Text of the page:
Keep it Together Label: Reprise / Wea
They were one of the feel good stories of 1999; Guster, a Boston trio who play fun, clever folk-pop, not to mention a drummer who prefers to use his bare hands instead of sticks, gets to cut an album with the legendary producer Steve Lillywhite. The result, Lost and Gone Forever, is a gem, a rock solid pop album that expanded their scope and remained true to the band's roots as well. Even though it was their third album, it was their debut in terms of mass-market awareness, which means it's their debut in terms of expectations as well. Keep It Together, their fourth album, will therefore likely be judged as a sophomore effort. Most unfair, but right on par in terms of all of the things about the music business right now that make no sense whatsoever.
Thankfully, Guster avoids their second sophomore slump. Keep It Together strays farther from their humble beginnings, even going so far as to include, horrors, a drum kit. But the songwriting more than makes up for the band's occasionally misguided forays into new territory.
The decision to move to a more conventional sound was a gutsy one, and the first listen is admittedly a little jarring: "Red Oyster Cult" downright rocks, or at least rocks as much as Guster can, with drummer Brian Rosenworcel going to town on nearly every beat in the song. "Careful" sounds more like Sister Hazel than Guster, though it's still open to debate whether that is actually a good thing. It doesn't help that the song also steals a big lick from Lost and Gone's semi-hit "Fa Fa," either. In fact, the band cribs from its past a couple of times: the ending of "Amsterdam," for example, is a dead ringer for the ending of "Center of Attention."
Keep It Together fares best on the songs where they're clearly most comfortable. "Jesus on the Radio," a banjo-driven folk tune with some superb harmonies between guitarist Ryan Miller and bassist Adam Gardner, is the album's crown jewel, and will definitely come to a coffeehouse open mic night near you very soon. "Backyard" is a hushed piece with Rosenworcel's trademark hot bongo action and a nifty flanged harmonica solo. The title track starts off with a slinky, Zombies vibe, until the sunny chorus turns it into a singalong. Leadoff track "Diane" builds in much the same way as Gone's opener "What You Wish For."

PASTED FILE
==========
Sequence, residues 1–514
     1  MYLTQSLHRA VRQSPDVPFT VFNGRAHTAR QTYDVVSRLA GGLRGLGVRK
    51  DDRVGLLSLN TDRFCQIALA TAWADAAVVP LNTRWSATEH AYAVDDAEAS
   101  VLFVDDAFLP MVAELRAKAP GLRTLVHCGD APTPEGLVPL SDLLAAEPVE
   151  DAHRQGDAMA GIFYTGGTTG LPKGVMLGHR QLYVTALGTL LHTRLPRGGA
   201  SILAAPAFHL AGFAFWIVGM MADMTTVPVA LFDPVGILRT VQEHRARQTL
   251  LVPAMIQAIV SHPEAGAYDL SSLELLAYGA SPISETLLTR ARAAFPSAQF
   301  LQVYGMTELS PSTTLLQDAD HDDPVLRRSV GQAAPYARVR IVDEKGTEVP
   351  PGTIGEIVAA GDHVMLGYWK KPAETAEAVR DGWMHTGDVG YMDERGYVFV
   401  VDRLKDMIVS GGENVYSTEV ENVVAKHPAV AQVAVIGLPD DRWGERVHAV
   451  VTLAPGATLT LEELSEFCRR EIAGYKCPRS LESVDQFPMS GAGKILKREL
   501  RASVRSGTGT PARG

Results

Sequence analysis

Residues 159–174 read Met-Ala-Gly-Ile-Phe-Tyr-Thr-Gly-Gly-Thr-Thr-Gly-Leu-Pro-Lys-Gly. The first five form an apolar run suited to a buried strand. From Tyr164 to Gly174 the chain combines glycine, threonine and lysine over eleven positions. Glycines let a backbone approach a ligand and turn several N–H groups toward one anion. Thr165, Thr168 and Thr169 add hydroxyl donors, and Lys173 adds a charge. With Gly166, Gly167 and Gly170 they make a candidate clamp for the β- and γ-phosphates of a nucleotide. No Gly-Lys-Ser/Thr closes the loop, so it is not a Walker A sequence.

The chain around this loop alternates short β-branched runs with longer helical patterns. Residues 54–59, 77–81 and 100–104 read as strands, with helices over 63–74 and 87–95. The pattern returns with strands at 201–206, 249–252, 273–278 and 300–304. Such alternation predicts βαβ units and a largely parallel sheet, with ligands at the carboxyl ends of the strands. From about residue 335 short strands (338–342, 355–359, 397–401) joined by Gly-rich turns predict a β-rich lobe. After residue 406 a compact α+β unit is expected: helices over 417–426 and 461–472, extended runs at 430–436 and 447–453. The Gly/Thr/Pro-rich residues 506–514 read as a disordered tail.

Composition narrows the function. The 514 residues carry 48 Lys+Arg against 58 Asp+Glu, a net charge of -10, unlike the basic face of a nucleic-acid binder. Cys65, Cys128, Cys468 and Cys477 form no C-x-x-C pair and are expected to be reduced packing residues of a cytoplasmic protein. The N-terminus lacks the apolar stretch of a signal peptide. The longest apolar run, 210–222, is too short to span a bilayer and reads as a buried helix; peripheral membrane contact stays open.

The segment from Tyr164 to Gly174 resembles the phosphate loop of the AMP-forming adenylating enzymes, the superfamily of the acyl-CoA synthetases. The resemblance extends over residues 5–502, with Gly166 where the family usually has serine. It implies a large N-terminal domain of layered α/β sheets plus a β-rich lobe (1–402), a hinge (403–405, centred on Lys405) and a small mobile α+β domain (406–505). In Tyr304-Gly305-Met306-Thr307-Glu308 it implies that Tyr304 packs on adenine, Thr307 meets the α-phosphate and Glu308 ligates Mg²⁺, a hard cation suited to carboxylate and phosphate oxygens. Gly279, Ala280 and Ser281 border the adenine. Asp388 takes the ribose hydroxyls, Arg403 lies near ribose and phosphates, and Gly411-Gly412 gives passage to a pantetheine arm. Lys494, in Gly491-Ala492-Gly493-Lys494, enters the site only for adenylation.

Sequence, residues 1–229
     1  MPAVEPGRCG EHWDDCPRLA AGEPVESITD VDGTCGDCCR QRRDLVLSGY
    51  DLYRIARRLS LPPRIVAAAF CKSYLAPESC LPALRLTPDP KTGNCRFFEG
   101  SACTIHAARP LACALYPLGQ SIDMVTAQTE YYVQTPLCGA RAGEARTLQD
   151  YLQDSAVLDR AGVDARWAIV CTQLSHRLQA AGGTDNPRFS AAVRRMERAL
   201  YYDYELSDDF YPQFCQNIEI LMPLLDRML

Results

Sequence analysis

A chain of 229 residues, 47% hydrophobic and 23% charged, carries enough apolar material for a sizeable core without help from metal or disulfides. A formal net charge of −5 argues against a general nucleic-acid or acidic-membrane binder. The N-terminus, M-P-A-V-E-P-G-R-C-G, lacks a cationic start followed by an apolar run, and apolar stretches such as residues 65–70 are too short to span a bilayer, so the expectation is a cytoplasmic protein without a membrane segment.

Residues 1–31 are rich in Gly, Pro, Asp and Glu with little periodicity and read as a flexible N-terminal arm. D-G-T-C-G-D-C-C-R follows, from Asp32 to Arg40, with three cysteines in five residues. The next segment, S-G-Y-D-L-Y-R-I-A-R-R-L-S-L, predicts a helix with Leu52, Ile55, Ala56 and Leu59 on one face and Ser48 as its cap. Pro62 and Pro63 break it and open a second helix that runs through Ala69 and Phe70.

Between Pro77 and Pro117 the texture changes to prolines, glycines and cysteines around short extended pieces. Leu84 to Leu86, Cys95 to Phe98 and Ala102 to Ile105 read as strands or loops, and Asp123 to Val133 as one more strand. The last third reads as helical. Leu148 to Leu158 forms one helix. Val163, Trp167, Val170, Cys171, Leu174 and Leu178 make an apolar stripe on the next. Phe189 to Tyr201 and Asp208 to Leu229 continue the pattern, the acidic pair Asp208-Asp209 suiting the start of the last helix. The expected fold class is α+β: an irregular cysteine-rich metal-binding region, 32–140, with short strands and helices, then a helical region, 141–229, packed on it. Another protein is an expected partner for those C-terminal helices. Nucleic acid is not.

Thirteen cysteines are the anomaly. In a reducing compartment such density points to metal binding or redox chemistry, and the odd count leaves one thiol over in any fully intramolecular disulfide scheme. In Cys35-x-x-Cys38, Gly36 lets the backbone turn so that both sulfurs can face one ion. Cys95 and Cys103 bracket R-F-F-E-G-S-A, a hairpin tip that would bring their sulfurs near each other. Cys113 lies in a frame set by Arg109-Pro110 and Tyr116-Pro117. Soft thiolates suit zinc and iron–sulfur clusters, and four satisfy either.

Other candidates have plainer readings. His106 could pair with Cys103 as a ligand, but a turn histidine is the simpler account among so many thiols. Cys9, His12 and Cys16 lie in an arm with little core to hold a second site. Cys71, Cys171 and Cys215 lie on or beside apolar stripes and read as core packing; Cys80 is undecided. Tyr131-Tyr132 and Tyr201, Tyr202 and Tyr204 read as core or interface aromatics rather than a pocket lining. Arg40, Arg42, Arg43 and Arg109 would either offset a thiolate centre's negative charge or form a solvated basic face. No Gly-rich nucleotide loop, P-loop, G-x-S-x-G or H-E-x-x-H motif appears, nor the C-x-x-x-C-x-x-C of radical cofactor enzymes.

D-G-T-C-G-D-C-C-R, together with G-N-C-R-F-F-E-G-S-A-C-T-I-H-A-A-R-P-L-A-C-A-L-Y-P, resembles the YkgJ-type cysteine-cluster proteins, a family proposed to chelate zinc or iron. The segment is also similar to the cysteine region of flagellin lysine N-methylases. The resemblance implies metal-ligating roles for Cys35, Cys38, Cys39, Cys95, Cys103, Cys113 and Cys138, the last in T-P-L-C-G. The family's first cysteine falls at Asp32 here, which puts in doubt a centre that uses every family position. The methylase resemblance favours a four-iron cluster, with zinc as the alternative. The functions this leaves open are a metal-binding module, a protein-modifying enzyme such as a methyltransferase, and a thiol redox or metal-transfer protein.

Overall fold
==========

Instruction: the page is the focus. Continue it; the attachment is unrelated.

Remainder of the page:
Guster isn't going to change the world. In fact, they'd likely hand the job to Eddie Vedder if it were given to them. But in a business dominated by foul mouthed, ill tempered, petulant little crybabies and sexed up teenagers talking dirty, it's refreshing to see a band who's clean, clever and, rarest of all, nice. Keep It Together may not be their best, but it's a good effort from a band that's getting better.
And now, a rant.
If Reprise (Guster's new label, after Sire went under, again) knows what's good for them, they'll market these guys the old fashioned way. You know, where you let bands develop over the course of a couple albums and gain a slow building but dedicated fan base? If Billy Joel had come out five years ago, he'd be making The Stranger for an indie label, and never would have gotten a song on the radio, because his label couldn't afford the payola it would take to make "Only the Good Die Young" a hit.
This needs to end now. Time to stop plugging 20 half-baked, sorry ass bands and instead develop five good bands. Five good bands will create back catalogs that will stand the test of time, which will guarantee future sales. Instead of going full bore on the we-need-a-hit-NOW approach, why don't you go back to what made you so much money up to this point, which is building a solid portfolio of good albums instead of a who's who of one hit wonders? Do you think anyone is buying albums from the Ataris six months from now, never mind six weeks? No.
So try showing your revenue stream some respect. You never know, they might actually start showing you some in return.